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The rise of Civil Orders and Sexual Risk Orders

The rise of civil orders in the criminal courts:

There has been a noticeable rise in civil orders over the last few years.

Civil orders allow criminal courts to tailor-make bespoke packages to fit the offender at the point of sentence. The aim is to reduce the risk of repeat offending and better protect the public.

The strict rules of evidence in criminal courts tend not to apply so hearsay evidence, usually deemed inadmissible during a criminal trial, can be taken into account when making a civil order.

Some civil orders do not even require a criminal caution or conviction, yet breaching a civil order often leads to a criminal offence attracting a maximum custodial sentence of five years on indictment.

The rise of ‘Sexual Risk Orders’:

In 2015, Sexual Risk Orders (SROs) were introduced under the Anti-Social Behaviour, Crime and Policing Act 2014.

SROs are civil not criminal orders and unlike Sexual Harm Prevention Orders, SROs can be imposed without there having to be a criminal caution or conviction for a sexual offence to trigger such.

In terms of procedure, the police or the National Crime Agency (NCA) will apply for a SRO to be made against an individual in the magistrates’ court.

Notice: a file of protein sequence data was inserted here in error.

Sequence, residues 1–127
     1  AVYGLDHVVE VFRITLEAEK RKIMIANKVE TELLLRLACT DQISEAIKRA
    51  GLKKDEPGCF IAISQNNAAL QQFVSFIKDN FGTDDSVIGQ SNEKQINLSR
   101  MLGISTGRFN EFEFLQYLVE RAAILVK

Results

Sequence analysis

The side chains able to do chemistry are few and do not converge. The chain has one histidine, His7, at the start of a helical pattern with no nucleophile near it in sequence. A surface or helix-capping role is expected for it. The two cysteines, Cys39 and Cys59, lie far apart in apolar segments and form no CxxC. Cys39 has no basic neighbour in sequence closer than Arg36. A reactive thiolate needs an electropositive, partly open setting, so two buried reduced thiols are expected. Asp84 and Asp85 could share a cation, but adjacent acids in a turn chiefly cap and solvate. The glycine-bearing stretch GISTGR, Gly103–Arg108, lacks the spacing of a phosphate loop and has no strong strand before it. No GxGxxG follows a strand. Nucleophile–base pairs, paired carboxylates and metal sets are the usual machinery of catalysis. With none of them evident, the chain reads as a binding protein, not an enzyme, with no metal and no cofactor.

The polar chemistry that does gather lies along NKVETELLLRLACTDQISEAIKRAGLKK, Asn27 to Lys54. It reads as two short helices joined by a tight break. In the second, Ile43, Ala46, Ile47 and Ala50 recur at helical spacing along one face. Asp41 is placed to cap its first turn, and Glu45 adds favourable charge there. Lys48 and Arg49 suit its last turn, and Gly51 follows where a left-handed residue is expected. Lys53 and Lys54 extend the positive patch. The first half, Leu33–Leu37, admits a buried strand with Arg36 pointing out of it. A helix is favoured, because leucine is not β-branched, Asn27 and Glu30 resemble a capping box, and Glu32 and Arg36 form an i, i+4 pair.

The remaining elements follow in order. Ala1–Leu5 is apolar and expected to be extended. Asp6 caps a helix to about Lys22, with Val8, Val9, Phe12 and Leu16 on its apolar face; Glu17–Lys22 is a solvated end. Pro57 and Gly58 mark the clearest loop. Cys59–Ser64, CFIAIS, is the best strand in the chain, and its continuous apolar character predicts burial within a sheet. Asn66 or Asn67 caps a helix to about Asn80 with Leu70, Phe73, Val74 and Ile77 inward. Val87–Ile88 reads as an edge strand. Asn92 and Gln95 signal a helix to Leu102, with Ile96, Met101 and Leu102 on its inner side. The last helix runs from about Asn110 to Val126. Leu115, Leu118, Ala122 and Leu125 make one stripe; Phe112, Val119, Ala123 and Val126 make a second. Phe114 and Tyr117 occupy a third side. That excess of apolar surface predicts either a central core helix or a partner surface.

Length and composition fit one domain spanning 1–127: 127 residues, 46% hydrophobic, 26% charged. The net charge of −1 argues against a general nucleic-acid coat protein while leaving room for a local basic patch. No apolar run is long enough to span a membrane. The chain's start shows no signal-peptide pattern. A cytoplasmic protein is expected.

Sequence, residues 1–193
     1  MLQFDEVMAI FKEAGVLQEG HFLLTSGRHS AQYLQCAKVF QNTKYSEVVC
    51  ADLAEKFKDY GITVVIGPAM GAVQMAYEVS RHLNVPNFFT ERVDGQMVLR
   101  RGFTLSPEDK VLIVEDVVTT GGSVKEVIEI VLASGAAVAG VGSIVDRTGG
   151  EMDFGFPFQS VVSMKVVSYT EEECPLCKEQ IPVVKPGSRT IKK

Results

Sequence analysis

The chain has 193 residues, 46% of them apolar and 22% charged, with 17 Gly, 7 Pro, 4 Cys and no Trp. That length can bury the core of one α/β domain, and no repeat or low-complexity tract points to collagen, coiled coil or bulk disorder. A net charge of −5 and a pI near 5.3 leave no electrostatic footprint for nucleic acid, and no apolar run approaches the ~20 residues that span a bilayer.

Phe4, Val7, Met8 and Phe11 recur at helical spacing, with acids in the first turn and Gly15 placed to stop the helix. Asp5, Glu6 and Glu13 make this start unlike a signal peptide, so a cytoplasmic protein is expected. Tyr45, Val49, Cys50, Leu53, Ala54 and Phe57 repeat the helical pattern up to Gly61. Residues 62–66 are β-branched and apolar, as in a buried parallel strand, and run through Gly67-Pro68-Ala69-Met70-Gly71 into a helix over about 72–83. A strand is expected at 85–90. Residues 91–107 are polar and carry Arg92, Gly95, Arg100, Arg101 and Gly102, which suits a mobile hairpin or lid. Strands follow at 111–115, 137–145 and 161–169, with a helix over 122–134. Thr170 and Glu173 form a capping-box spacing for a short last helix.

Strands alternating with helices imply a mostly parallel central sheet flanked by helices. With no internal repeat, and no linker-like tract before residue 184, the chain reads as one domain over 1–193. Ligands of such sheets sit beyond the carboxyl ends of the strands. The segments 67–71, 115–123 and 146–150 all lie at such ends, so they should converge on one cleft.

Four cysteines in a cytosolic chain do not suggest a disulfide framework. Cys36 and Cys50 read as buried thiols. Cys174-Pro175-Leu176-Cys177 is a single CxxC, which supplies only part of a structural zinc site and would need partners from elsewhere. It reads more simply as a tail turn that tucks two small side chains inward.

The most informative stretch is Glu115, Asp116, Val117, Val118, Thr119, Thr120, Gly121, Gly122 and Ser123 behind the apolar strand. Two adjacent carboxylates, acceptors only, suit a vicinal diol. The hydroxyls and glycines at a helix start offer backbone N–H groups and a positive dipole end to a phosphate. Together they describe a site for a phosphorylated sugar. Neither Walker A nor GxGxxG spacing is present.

Previously, the required standard of proof was that of the criminal standard but that changed on 29/11/22.

Section 174 of the Police, Crime, Sentencing and Courts Act 2022 amended section 122A(6) of the Sexual Offences Act 2003 by lowering the required standard of proof, from the criminal standard to the civil standard.

Since 29/11/22, Magistrates or District Judges only have to be satisfied on the balance of probabilities that an individual has committed at least one act of a sexual nature.

If satisfied, a SRO will be imposed if considered necessary to protect the public from the risk of future sexual offences.

The amended legislation has already seen a rise in applications for SROs, the consequences of such can be significant for those targeted.

SROs will often include an electronic monitoring requirement, residential notification requirements and sometimes a ban on foreign travel for up to five years.

The criteria for making a SRO is contained in section 122A(6) of the Sexual Offences Act 2003.

For further details:

Sexual Offences Act 2003 (

Sexual risk orders | Legal Guidance | LexisNexis

Sexual Risk Order (SRO) – Unlock

Guidance on Part 2 of the Sexual Offences Act 2003 (

If you are the subject of an application for a Sexual Risk Order and require legal advice and assistance, you might wish to speak to one of our lawyers in confidence. Please contact the Public Defender Service at any one of our four offices. We are available 24hours a day, 365 days of the year.

Cheltenham: 01242 548270

Darlington: 01352 289480

Pontypridd: 01443 629724

Swansea: 01792 633 280